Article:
Briscoe ex rel. Taylor v. Barnhart, 425 F.3d 345, 351-52 (7th Cir. 2005) (citation omitted). An affirmative answer to each step leads either to the next step or, at steps three and five, to a finding that the claimant is disabled. 20 C.F.R. § 404.1520; Briscoe, 425 F.3d at 352. A negative answer at any point, other than step three, terminates the inquiry and leads to a determination that the claimant is not disabled. 20 C.F.R. § 404.1520. The claimant bears the burden of proof through step four. Briscoe, 425 F.3d at 352. If the first four steps are met, the burden shifts to the Commissioner at step five. Id. The Commissioner must then establish that the claimant-in light of his age, education, job experience and residual functional capacity to work-is capable of performing other work and that such work exists in the national economy. 42 U.S.C. § 423(d)(2); 20 C.F.R. § 404.1520(f).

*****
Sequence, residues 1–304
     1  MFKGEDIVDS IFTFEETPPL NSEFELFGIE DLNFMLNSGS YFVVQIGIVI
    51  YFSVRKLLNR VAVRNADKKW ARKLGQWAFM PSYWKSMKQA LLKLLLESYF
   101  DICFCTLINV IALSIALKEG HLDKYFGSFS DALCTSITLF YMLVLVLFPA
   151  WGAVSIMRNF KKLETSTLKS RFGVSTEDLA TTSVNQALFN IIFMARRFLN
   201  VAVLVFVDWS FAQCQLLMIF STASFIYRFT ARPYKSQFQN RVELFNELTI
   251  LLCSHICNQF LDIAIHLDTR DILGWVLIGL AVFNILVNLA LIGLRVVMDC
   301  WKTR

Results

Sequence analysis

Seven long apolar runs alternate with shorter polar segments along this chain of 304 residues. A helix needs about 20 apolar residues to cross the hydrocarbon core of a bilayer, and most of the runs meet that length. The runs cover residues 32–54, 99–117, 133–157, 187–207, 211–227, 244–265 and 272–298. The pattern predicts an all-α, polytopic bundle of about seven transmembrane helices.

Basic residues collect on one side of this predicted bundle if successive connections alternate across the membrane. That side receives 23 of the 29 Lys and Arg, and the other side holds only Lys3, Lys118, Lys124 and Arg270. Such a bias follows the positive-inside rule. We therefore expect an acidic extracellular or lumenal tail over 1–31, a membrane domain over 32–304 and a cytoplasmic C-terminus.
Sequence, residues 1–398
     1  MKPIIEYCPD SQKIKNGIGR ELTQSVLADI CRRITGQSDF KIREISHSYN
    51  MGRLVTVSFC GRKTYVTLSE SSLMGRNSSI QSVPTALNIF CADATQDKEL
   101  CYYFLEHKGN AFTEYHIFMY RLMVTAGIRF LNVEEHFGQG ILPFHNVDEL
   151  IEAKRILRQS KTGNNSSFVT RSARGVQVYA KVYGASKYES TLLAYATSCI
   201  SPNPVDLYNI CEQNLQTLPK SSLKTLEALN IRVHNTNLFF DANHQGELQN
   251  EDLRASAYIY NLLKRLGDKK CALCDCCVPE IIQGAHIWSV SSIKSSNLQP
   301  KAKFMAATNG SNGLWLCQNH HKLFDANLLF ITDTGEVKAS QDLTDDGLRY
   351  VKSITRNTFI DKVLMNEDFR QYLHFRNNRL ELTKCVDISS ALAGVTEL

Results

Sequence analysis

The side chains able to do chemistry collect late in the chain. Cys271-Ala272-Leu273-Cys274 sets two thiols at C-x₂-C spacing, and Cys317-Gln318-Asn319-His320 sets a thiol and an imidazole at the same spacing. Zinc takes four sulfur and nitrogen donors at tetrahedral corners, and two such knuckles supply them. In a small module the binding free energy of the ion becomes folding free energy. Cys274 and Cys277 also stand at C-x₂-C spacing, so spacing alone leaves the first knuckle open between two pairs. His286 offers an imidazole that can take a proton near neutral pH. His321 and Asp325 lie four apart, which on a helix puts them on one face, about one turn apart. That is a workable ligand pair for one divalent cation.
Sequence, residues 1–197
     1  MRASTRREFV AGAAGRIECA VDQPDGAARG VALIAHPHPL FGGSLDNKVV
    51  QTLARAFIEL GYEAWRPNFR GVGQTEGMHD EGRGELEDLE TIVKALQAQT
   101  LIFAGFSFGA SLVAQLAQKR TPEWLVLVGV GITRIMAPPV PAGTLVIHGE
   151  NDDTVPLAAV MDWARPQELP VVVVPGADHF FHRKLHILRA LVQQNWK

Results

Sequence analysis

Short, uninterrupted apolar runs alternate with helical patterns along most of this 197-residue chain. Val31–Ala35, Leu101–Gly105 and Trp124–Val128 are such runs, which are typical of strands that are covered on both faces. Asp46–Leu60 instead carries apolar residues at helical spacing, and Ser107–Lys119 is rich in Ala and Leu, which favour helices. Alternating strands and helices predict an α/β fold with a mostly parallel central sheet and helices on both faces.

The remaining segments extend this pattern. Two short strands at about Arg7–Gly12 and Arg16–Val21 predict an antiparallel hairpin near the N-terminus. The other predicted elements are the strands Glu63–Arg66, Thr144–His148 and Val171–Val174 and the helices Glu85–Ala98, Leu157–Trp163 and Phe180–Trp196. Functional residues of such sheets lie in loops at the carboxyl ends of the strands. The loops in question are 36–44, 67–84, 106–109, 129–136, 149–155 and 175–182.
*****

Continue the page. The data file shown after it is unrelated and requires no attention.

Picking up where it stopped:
The Court reviews the Commissioner's denial of benefits to determine whether it was supported by substantial evidence or is the result of an error of law. Dixon v. Massanari, 270 F.3d 1171, 1176 (7th Cir. 2001). Evidence is substantial when it is sufficient for a reasonable person to conclude that the evidence supports the decision. Rice v. Barnhart, 384 F.3d 363, 369 (7th Cir. 2004). The standard demands more than a scintilla of evidentiary support but does not demand a preponderance of the evidence. Wood v. Thompson, 246 F.3d 1026, 1029 (7th Cir. 2001). Thus, the issue before the Court is not whether Russell is disabled, but, rather, whether the ALJ's findings were supported by substantial evidence. Diaz v. Chater, 55 F.3d 300, 306 (7th Cir. 1995).